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Salish Sea Seagull Populations Are Half Of That In The 1980s

The number of seagulls in the Strait of Georgia is down by 50 per cent from the 1980s and University...

Newly Discovered Algal Species Helps Corals Survive In The Hottest Reefs On The Planet

A new species of algae has been discovered in reef corals of the Persian (Arabian) Gulf where it...

Olive Oil Destroys Cancer Cells

Extra virgin olive oil is believed to have heart health benefits but a new paper takes that one...

Mysterious Bright Spot On Ceres Might Soon Have An Answer

NASA's Dawn spacecraft is approaching its historic orbit insertion at Ceres, which will happen...

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All spiritual experiences are based in the brain. That statement is truer than ever before, according to a University of Missouri neuropsychologist. An MU study has data to support a neuropsychological model that proposes spiritual experiences associated with selflessness are related to decreased activity in the right parietal lobe of the brain. The study is one of the first to use individuals with traumatic brain injury to determine this connection. Researchers say the implication of this connection means people in many disciplines, including peace studies, health care or religion can learn different ways to attain selflessness, to experience transcendence, and to help themselves and others.
Scientists from Imperial College London and the University of Edinburgh say they have shown that tiny crystals found inside bacteria provide a magnetic compass to help them navigate through sediment to find the best food and it provides fresh clues to explain biomagnetism – a phenomenon in which some birds, insects and marine life navigate using the magnetic field that encompasses the Earth.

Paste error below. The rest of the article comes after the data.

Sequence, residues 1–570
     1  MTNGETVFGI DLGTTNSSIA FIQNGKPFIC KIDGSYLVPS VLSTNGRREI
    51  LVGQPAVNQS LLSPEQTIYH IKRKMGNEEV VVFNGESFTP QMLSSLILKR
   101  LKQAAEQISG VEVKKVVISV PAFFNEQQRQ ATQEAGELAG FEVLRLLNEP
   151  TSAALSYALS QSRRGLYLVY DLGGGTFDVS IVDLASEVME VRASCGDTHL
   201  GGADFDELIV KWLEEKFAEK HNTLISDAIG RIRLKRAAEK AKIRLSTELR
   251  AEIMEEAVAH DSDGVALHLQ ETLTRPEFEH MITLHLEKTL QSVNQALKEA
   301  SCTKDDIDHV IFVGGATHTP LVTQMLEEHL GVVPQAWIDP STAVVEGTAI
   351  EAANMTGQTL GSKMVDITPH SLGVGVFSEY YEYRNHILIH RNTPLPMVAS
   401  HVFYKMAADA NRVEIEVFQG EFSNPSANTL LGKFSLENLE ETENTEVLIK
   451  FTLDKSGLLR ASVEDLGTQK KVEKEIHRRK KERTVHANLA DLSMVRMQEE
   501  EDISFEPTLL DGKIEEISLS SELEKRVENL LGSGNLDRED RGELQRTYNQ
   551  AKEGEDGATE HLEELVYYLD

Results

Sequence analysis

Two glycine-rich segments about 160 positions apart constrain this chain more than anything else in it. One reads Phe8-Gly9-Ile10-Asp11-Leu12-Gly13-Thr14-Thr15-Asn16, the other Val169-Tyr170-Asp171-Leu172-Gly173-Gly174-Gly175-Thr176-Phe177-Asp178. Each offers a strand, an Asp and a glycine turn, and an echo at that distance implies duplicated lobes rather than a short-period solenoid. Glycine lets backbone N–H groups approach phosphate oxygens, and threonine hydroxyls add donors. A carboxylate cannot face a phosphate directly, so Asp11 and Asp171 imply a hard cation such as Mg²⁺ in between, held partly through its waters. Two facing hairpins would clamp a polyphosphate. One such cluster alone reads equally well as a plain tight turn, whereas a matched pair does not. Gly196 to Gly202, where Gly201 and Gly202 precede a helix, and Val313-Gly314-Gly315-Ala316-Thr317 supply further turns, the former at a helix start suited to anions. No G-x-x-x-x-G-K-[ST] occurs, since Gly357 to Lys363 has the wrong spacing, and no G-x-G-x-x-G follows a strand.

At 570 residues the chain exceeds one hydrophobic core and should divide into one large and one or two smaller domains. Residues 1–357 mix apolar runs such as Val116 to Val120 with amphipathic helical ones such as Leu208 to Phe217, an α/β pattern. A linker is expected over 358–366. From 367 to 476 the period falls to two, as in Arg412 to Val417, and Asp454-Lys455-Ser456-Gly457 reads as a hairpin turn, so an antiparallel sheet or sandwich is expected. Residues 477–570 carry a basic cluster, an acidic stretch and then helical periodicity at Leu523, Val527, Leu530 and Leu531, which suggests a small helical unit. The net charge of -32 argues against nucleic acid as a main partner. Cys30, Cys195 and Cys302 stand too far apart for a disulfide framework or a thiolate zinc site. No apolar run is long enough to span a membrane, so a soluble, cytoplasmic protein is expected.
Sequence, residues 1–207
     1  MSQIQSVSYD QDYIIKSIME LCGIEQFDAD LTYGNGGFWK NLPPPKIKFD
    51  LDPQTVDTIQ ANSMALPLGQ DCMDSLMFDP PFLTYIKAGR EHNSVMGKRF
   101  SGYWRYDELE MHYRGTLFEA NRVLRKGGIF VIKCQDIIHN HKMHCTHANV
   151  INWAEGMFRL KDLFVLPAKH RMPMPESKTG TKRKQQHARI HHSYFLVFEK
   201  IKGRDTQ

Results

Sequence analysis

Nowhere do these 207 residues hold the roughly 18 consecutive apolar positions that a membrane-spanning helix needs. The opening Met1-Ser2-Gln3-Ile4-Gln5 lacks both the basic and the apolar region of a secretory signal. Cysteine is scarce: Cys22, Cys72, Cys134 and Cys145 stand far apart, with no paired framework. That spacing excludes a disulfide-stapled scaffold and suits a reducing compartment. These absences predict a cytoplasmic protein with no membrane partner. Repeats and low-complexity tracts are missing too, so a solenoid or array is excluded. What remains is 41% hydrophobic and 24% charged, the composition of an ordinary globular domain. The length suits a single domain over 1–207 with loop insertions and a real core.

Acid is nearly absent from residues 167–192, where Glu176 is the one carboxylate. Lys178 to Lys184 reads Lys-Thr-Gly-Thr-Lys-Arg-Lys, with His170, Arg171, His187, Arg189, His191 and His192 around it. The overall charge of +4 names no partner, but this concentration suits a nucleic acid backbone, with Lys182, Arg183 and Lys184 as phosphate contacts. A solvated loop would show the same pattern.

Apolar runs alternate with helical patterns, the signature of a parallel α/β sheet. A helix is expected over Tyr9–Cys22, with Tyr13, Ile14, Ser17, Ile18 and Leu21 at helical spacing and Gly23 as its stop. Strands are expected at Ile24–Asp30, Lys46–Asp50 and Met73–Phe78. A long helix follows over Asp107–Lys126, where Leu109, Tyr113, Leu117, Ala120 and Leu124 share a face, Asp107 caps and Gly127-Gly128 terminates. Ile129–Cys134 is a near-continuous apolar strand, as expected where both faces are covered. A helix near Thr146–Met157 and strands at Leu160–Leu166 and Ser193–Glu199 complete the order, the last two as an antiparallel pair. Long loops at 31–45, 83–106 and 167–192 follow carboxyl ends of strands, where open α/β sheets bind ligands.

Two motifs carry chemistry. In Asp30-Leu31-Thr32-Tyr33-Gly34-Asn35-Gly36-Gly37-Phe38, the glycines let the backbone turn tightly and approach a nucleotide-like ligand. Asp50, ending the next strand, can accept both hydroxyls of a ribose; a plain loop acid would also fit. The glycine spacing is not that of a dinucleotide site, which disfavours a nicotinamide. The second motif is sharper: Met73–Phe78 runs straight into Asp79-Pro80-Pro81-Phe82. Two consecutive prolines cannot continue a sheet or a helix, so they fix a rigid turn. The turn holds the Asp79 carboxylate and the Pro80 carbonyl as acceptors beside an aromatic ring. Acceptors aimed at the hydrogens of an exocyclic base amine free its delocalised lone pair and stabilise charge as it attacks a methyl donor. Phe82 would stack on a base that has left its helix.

Researchers say their study, published in the Journal of the Royal Society Interface, focuses on magnetotactic bacteria, which contain chains of magnetic crystals, called magnetosomes. They exist all over the globe, living in lake and pond sediments and in ocean coastal regions. 
Found in the nearby Large Magellanic Cloud, 30 Doradus is one of the largest massive star forming regions close to the Milky Way. Enormous stars in 30 Doradus, also known as the Tarantula Nebula, are producing intense radiation and searing winds of multimillion-degree gas that carve out gigantic bubbles in the surrounding cooler gas and dust. 

Other massive stars have raced through their evolution and exploded catastrophically as supernovae, expanding these bubbles into X-ray- brightened superbubbles. They leave behind pulsars as beacons of their former lives and expanding supernova remnants that trigger the collapse of giant clouds of dust and gas to form new generations of stars. 
On its opening day, the London Millennium Bridge experienced unexpected swaying due to the large number of people crossing it. A new study finally explains the Millennium Bridge 'wobble' by concluding that humans did not walk the way engineers would have preferred.

It has generally been thought the Millennium Bridge 'wobble' was due to pedestrians synchronizing their footsteps with the bridge motion. However, this is not supported by measurements of the phenomenon on other bridges.
"This article says most people die in bed.  I figure if I stay out of bed, I'm safe." - Get Shorty

A map of natural hazard mortality in the United States has been produced and is featured in the  International Journal of Health Geographics.  It gives a county-level representation of the likelihood of dying as the result of natural events such as floods, earthquakes or extreme weather.
Dinosaur hunters on a month-long expedition to the Sahara desert have returned home in time for Christmas with more than they ever dreamed of finding. 

They have unearthed not one but two possible new species of extinct animals. Their success marks one of the most exciting discoveries to come out of Africa for 50 years. 

The team have discovered what appears to be a new type of pterosaur and a previously unknown sauropod, a species of giant plant-eating dinosaur. Both would have lived almost one hundred million years ago.